A branch of the Met devoted to the art and architecture of medieval Europe, the Cloisters houses over 3,000 relics. The building itself and enclosed medieval gardens are also treasures to behold. A fascinating journey back in time.
The Cloisters Museum & Gardens is a stunning collection containing thousands of works of art and architecture from Medieval Europe. With a heavy emphasis on medieval religious art, tapestries, and works depicting heraldry, The Cloisters Museum is a dream for any Europhile with a penchant for gorgeous and depictive stained glass, religious relics, and artifacts from the time of the Crusades. Also featured on site is a cloistered garden, modeled after medieval planting standards and featuring beautiful and historic design elements. Spend a day reveling in the ancient splendors on display at this New York landmark institution…even the building itself is a work of art!
The Cloisters Museum and Gardens is located on four acres of riverfront property in northern Manhattan’s Fort Tryon Park, and contains the mother-load of medieval art and sculpture, housing approximately 3,000 pieces dating from the ninth to the sixteenth century. The Cloisters is described by former Director of Musée du Louvre in Paris as “the crowning achievement of American museology”. The building is modeled after five different medieval French cloisters, with quadrangle galleries set under a vaulted passageway, making for a very authentic experience as you move from hall to hall. The Cloisters’ collection emphasizes the Romanesque and Gothic periods of European art and architecture, containing not only art and sculpture but also illuminated manuscripts, stained glass, metalwork, enamels, ivories, and ornate tapestries.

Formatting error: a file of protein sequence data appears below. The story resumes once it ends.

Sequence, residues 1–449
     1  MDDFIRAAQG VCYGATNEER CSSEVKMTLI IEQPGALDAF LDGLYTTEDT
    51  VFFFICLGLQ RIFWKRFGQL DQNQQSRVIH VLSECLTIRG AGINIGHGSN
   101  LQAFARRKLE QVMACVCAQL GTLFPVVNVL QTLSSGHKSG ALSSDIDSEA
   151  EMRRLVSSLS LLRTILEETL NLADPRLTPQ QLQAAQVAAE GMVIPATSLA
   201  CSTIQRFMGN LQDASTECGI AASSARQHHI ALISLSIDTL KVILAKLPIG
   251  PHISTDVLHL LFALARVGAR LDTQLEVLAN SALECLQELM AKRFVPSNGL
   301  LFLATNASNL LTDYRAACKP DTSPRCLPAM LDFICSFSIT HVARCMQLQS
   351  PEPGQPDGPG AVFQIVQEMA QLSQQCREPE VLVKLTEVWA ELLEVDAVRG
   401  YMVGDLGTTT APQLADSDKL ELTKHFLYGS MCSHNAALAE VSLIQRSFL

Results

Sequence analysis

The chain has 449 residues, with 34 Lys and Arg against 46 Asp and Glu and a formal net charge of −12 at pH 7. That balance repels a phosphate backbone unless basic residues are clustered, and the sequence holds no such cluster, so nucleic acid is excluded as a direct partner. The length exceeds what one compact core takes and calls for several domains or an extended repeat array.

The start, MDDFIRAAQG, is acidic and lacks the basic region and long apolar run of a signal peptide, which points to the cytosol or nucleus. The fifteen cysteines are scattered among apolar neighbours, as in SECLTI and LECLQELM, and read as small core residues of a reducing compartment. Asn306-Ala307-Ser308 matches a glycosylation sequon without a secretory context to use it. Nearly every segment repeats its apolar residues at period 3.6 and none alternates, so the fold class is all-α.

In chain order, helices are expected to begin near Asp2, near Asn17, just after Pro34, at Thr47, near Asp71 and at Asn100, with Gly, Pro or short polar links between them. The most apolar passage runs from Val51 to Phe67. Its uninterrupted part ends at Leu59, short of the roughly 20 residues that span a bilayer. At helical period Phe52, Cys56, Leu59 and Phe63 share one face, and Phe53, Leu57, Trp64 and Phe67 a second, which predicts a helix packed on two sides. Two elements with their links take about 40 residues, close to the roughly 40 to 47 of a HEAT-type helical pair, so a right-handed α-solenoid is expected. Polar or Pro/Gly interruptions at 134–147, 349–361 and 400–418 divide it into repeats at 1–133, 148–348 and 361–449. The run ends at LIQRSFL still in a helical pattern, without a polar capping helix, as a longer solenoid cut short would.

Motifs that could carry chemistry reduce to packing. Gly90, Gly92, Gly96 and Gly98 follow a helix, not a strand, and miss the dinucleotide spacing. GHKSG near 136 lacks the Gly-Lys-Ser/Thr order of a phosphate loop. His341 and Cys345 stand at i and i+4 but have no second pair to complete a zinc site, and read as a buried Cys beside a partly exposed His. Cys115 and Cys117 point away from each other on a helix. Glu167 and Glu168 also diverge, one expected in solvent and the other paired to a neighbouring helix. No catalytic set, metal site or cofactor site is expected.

Some highlights of the Cloister’s collection that you can expect to see include: a refurbished collection of seven tapestries depicting ‘The Hunt of the Unicorn’; an early-fifteenth-century French illuminated book of hours; a twelfth-century ivory cross attributed to the English abbey of Bury Saint Edmunds; stained-glass windows from the castle chapel at Ebreichsdorf, Austria; a stone Virgin of the mid-thirteenth century from the choir screen of Strasbourg Cathedral in France; “The Antioch Chalice” dated to 500BC; and stained-glass scenes from “the Legend of Saint Vincent of Saragossa and the History of His Relics”.
The sheer size of this medieval collection makes it likely that you will want to spend a good deal of time perusing its galleries and walled gardens. After your visit is complete, light meals and snacks are available at The Trie Café, a quaint eatery located under the covered arcades of The Cloisters. (Bonus: your ticket to The Cloisters Museum & Gardens will also get you same-day access to The Metropolitan Museum of Art!).
To learn more about the MET visit: NYC Metropolitan Museum of Art.
To learn more and see NYC area locations for stores at the Metropolitan Museum of Art visit: New York MET Store.
M4 bus to the last stop (Fort Tryon Park/The Cloisters) or A train to 190th Street, exit the station by elevator to Ft. Washington Ave., and walk north along Margaret Corbin Drive for approximately ten minutes or transfer to the M4 bus and ride north one stop.
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Comments about Smart Destinations Cloisters Museum (Metropolitan Museum of Art) - same day admission to Met:
This is a wonderful collection of Medieval Art and I absolutely loved the location. It felt like we were leaving the city for a little while. Such a special spot and what an amazing museum.